Two epidemics kill cultures: end runs and unresolved complaining. Both waste time and energy, and are ultimately toxic to the health and productivity of your company. Luckily, these epidemics can be cured by asking a simple, powerful question.
Epidemic #1: The End Run
An end run happens when an employee goes around a manager to complain or get a better/different answer to his or her problem. At the conclusion of the end run, if you don’t ask the question, you’re going to start the spread of a plague in your organization.
If you’re the recipient of the end run, you can listen and coach, but you should never make a decision. When you decide, you cut the manager in question off at the knees and leave him or her powerless to do the job he or she is there to do. Listen carefully, and at the end of the conversation, ask the question.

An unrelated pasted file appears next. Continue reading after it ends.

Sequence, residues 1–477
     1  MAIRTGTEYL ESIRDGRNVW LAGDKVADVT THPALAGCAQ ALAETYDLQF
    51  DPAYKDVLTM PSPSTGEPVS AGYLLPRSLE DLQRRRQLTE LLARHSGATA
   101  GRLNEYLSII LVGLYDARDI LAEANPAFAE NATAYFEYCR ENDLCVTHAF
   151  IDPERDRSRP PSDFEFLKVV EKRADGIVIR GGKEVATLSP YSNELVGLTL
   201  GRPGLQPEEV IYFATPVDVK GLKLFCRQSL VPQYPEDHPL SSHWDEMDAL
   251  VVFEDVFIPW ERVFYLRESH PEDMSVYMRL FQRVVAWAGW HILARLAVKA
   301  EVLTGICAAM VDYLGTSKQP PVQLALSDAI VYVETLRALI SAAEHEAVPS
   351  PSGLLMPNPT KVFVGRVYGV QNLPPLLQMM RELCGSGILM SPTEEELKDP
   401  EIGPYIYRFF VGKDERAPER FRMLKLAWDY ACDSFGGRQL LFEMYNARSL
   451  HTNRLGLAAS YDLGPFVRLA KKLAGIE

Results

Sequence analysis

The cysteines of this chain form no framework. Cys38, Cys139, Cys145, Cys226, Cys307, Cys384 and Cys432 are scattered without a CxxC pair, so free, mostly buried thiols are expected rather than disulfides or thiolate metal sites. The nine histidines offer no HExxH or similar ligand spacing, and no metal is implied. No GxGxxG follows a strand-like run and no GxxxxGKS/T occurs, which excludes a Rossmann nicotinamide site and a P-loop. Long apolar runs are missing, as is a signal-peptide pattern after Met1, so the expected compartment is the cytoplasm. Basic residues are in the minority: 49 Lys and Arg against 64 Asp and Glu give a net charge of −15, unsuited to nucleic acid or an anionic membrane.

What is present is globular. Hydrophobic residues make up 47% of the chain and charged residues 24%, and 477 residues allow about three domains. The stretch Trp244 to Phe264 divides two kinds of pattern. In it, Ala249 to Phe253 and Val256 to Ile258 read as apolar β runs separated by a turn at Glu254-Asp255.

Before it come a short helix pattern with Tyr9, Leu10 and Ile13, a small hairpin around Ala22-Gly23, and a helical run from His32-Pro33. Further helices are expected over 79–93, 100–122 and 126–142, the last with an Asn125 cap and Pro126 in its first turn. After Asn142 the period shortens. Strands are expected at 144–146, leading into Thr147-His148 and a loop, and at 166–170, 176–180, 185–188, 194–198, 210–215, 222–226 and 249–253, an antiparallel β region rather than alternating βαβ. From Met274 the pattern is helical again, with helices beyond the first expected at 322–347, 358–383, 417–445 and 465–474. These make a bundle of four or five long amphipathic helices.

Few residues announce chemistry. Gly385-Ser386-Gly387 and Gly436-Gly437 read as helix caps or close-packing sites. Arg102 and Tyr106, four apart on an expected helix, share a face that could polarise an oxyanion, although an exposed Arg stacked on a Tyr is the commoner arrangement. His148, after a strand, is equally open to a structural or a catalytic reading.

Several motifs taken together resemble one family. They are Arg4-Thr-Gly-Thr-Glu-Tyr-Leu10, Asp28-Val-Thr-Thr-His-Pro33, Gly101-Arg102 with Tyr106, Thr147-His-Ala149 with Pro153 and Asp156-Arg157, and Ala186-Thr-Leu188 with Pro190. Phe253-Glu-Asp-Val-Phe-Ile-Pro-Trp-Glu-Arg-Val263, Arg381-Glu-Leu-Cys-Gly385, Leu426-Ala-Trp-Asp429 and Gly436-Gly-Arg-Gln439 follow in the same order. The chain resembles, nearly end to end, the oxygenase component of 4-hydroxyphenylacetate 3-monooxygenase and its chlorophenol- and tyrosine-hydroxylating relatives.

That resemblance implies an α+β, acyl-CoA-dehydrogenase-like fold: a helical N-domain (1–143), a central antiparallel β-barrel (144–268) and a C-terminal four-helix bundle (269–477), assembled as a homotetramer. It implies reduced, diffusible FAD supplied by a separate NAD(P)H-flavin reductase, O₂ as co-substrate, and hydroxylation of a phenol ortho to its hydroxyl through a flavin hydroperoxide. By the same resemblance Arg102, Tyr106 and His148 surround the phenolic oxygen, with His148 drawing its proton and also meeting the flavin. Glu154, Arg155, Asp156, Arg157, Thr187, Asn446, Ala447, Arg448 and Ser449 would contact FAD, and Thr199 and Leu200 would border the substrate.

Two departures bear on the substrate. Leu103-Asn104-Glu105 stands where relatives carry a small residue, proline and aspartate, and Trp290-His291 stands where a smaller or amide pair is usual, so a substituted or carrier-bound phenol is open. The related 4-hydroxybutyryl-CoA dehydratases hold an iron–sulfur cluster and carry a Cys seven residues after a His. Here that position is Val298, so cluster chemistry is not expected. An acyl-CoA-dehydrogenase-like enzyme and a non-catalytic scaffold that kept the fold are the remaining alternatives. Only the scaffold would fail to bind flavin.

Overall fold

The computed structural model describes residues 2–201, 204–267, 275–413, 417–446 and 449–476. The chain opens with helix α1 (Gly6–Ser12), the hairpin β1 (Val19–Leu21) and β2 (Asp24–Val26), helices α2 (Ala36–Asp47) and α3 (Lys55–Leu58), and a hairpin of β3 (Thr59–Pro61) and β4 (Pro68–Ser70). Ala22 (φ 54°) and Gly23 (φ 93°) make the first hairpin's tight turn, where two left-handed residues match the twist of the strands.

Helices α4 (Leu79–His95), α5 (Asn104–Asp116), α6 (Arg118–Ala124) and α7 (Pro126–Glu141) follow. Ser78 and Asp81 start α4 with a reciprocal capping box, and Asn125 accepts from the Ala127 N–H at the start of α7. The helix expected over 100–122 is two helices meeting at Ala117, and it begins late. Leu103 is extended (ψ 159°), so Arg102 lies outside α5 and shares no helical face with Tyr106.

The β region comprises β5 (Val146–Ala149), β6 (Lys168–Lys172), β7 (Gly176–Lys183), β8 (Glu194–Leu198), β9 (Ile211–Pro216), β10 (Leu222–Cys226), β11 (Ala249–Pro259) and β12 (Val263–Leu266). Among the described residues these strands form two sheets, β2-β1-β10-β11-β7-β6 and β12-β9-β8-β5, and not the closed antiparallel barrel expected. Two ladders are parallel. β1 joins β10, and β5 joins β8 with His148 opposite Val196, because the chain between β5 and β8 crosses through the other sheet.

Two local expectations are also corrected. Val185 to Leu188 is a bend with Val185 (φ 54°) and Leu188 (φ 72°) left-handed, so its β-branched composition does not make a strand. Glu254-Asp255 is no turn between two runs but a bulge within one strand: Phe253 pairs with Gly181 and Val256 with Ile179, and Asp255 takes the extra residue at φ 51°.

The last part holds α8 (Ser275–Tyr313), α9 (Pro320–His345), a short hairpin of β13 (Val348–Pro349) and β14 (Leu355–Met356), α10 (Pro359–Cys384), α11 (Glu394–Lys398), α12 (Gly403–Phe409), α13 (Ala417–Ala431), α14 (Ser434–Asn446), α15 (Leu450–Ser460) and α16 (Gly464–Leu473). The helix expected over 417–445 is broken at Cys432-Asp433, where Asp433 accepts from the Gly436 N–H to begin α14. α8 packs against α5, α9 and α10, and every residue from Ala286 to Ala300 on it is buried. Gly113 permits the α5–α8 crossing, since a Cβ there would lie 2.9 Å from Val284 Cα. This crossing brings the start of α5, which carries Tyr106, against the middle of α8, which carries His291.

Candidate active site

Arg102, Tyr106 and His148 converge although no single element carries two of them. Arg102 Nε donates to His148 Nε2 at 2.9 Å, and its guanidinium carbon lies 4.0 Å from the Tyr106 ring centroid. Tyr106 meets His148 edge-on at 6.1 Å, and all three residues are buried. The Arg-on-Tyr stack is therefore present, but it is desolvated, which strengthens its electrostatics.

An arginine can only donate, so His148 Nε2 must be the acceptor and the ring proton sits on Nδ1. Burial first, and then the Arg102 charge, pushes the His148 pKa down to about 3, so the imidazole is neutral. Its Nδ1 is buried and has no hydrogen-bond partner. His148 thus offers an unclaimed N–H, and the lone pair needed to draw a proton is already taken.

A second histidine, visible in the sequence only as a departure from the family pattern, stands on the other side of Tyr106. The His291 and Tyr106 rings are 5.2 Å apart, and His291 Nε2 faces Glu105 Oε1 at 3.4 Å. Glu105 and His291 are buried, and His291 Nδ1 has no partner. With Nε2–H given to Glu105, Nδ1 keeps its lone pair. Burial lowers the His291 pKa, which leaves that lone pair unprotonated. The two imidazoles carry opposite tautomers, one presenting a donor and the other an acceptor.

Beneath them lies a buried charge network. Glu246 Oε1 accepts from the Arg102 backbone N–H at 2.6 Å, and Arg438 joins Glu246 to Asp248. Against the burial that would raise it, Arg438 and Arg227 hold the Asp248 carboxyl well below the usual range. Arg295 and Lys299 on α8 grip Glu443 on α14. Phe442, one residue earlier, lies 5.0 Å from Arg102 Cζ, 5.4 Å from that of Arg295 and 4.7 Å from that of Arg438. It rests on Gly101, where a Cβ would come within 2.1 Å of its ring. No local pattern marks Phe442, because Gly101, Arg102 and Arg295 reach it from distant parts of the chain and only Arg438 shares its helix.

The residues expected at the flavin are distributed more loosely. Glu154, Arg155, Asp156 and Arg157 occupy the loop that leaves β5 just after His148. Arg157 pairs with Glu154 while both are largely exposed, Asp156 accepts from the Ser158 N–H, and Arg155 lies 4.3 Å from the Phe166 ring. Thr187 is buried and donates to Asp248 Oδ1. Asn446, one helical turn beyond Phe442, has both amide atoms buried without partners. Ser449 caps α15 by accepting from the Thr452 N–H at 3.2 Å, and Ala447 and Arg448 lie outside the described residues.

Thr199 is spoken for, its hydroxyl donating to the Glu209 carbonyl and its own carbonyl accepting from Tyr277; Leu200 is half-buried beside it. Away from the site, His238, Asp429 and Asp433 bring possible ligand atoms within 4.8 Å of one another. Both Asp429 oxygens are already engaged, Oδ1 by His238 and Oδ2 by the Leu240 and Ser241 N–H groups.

Epidemic #2: Unproductive Complaining
Unproductive complaining is when someone is not sharing an issue to solve it, but is instead politicking, backstabbing, and/or positioning. Every organization seems to have one person everyone complains to. That person becomes the “complaint department.”
When you receive unproductive complaining, you’re being exposed to a poison. If you don’t ask the question at the end of the complaining, you leave that poison in your organization to grow and spread. At the conclusion of the complaint, ask the question, and you stop it in its tracks.
So, what’s the question that you need to ask at the end of an end run, or after unproductive complaining? It’s simply this:
“Are you going to tell ’em, or am I going to tell ’em? Because one of us needs to tell ’em.”
I promise you this works. This question will wipe out end runs and unproductive complaining organization-wide within a month.
Take a moment and write this question down on a piece of paper. Keep it on your desk for the next time someone comes to you with an end run or an unproductive complaint. You’ll see exactly what I mean.
- Read my blog about how to Close the Complaint Department at your company.
- Read Ken DeWitt’s blog about the Danger of Allowing Confidential Complaints.
- Learn more tips for being a great leader and manager of your employees by downloading a free chapter of How to Be a Great Boss.